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Prof. Herbert Winful receives IEEE Photonics Society Quantum Electronics Award

For pioneering the field of nonlinear optical periodic structures and for foundational contributions to nonlinear dynamics of semiconductor laser arrays.| Short Read
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Prof. Herbert Winful received the IEEE Photonics Society Quantum Electronics Award “for pioneering the field of nonlinear optical periodic structures and for foundational contributions to nonlinear dynamics of semiconductor laser arrays.”

This award is given to honor an individual (or group of individuals) for outstanding technical contributions to quantum electronics, either in fundamentals or applications, or both.

Herbert Winful is the Joseph E. and Anne P. Rowe Professor of Electrical Engineering, Arthur F. Thurnau Professor of Electrical Engineering and Computer Science, and a Professor of Physics at the University of Michigan.  He earned a BS degree in electrical engineering from MIT in 1975 and a PhD from the University of Southern California in 1981.  He then spent six years conducting research in fiber optics and semiconductor laser physics as a Principal Member of Technical Staff at GTE Laboratories in Waltham, Massachusetts. Winful joined the University of Michigan in 1987 as an associate professor of electrical engineering and computer science and was promoted to full professor four years later.

His many contributions to photonics and quantum electronics include pioneering work on nonlinear optical periodic structures, the nonlinear dynamics of coherently-coupled laser arrays, the physics of quantum tunneling time, polarization instabilities, and distributed-feedback fiber Raman lasers.  He has published over 130 journal articles and supervised the research of 18 PhD students.  For ten years he ran an NSF Research Experiences for Undergraduates site at the Center for Ultrafast Optical Science (CUOS).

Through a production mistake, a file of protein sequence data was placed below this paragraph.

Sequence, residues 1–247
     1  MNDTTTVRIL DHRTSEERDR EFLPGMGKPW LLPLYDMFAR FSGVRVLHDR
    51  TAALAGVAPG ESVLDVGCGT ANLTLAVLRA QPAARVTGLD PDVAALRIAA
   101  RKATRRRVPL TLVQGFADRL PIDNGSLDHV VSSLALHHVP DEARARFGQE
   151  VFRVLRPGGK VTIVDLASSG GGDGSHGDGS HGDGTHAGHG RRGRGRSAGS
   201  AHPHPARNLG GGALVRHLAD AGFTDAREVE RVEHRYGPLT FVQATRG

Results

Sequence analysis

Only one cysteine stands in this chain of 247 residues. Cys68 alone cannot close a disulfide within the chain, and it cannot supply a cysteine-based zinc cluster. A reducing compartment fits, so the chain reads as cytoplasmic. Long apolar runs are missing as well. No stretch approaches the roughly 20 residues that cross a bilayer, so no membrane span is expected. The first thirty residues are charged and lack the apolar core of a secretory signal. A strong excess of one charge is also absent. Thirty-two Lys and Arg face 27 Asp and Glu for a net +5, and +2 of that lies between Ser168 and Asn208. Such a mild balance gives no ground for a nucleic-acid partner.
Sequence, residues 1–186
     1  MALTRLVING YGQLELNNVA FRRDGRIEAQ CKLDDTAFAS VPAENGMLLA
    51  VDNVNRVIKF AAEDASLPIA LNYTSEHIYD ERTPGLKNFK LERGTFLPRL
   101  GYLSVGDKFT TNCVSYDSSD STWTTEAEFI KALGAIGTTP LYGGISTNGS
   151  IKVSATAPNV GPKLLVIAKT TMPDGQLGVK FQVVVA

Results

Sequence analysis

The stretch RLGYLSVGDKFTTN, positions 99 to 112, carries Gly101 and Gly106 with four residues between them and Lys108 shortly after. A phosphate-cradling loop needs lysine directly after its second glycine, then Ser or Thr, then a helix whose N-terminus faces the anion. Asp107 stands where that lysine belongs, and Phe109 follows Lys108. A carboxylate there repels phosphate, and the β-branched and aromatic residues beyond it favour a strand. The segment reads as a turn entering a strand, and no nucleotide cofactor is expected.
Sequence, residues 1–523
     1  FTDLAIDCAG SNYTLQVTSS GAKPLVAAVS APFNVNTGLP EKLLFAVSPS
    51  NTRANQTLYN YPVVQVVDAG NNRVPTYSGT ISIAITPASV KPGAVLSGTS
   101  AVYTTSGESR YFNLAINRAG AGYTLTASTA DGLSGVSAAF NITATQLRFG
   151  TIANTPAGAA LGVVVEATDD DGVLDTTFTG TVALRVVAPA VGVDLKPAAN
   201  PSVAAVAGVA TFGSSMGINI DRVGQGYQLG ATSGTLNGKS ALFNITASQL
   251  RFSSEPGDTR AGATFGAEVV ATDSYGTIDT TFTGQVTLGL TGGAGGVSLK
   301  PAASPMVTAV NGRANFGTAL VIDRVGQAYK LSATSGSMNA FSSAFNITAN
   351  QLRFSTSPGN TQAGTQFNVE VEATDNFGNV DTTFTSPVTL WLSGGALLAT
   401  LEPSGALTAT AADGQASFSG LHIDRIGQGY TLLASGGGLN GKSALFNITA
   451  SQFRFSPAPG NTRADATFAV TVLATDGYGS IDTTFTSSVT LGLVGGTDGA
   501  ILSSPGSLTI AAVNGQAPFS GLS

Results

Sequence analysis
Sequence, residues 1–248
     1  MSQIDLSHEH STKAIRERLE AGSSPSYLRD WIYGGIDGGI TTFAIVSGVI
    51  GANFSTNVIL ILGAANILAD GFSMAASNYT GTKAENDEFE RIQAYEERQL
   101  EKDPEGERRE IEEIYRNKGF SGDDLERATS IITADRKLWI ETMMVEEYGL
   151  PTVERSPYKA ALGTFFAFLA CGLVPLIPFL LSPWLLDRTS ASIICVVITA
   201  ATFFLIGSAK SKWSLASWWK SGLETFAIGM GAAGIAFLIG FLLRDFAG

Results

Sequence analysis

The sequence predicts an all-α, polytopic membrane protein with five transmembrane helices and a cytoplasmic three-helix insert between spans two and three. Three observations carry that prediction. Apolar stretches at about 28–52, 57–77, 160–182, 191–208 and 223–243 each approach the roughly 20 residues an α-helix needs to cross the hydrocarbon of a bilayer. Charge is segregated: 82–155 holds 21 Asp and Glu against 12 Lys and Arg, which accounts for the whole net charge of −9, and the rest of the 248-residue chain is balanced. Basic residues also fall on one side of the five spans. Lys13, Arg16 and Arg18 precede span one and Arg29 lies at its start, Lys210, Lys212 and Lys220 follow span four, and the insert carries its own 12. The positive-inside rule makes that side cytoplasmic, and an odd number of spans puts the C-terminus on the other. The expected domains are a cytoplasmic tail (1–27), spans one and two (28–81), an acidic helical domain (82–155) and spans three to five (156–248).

Professor Winful is a Life Fellow of the Institute of Electrical and Electronics Engineers, and a Fellow of the American Physical Society, the Optical Society of America, and the National Society of Black Physicists.  His many awards include the EECS Outstanding Achievement Award, the College of Engineering Teaching Excellence and Service Excellence Awards, The Provost’s Teaching Innovation Prize, the Amoco/University of Michigan Teaching Excellence Award, the State of Michigan Teaching Excellence Award, and the Raymond J. and Monica E. Schultz Outreach and Diversity Award.  He has been twice voted Professor of the Year in Electrical Engineering and Computer Science, named the Tau Beta Pi Outstanding Professor in the College of Engineering, and earned the NSF Presidential Young Investigator Award.

Original Announcement by the Photonics Society

Herbert Winful
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Researchers
  • Herbert Winful

    Herbert Winful

    Joseph E. and Anne P. Rowe Professor of Electrical Engineering

The electrons absorb laser light and set up “momentum combs” (the hills) spanning the energy valleys within the material (the red line). When the electrons have an energy allowed by the quantum mechanical structure of the material—and also touch the edge of the valley—they emit light. This is why some teeth of the combs are bright and some are dark. By measuring the emitted light and precisely locating its source, the research mapped out the energy valleys in a 2D crystal of tungsten diselenide. Credit: Markus Borsch, Quantum Science Theory Lab, University of Michigan.

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